The idea for the cabin was to create a lakeside shelter in the woodsa little box with a big window that opens to the surrounding landscape. The cabins big window-wall (30 feet by 20 feet) opens the entire living space to the forest and lake. At 2,600 square-feet, the cabin is big enough to handle the family functions it was designed for, yet intimate enough to preserve its charm. The cabin sleeps ten.
The design concept is composed of essentially three parts: a concrete-block box, a plywood insert and a 4-foot diameter steel fireplace (the bong). Materials are low maintenanceconcrete block, steel, concrete floors and plywoodin keeping with the notion of a cabin, and left unfinished to age naturally and acquire a patina that fits in with the idyllic setting. Open, interior spaces are intended to be a seamless extension to the outdoors. The concrete floor inside extends outside and become a terrace with a built-in hot tub.
A 19-foot-tall steel entry door is exaggerated in height to easily accommodate long skis. Once inside, the concrete block volume is punctuated by relatively few distractions: a steel fireplace, a bridge that spans the main space and the master sleeping alcove that floats above the kitchen area. The six-ton window-wall pivots on an off-center axis, its speed regulated by a fly-ball governor (the gizmo).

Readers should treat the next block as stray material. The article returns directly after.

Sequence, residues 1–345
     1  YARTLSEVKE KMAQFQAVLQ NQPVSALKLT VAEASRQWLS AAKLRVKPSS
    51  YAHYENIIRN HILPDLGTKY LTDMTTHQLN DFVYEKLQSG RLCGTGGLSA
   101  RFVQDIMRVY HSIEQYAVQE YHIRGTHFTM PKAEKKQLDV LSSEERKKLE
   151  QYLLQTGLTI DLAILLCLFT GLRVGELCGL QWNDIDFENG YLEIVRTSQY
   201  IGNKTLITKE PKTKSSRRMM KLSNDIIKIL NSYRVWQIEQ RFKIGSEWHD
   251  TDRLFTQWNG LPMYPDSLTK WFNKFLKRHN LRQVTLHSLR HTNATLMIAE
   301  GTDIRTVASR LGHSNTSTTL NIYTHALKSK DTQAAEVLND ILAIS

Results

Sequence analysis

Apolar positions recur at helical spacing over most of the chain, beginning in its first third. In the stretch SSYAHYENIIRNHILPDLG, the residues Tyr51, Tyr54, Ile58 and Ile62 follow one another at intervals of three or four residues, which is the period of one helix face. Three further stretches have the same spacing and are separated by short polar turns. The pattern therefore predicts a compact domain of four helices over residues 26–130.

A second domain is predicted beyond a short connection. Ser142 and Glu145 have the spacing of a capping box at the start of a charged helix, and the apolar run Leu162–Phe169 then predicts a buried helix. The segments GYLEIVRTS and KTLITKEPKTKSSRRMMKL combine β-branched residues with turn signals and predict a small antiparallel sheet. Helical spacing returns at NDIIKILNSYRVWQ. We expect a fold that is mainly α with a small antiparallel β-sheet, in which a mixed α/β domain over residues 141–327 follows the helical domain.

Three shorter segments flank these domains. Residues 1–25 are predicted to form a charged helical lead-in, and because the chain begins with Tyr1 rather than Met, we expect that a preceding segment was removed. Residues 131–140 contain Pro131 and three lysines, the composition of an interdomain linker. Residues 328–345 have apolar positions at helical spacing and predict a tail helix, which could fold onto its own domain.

Materials: 12 CMU, 1¼ ABX Marine Plywood, concrete floor, 3x12 exposed Douglas fir joists (lower roof framing).
Glazing: 1 insulated units with low-e and argon.
Framing system: exposed steel (superstructure), 2x6 wood stud infill.
Lighting: Pauluhn marine fixtures
Door manufacturer: custom
Locksets: Corbin Russwin
Hinges: custom; McKinney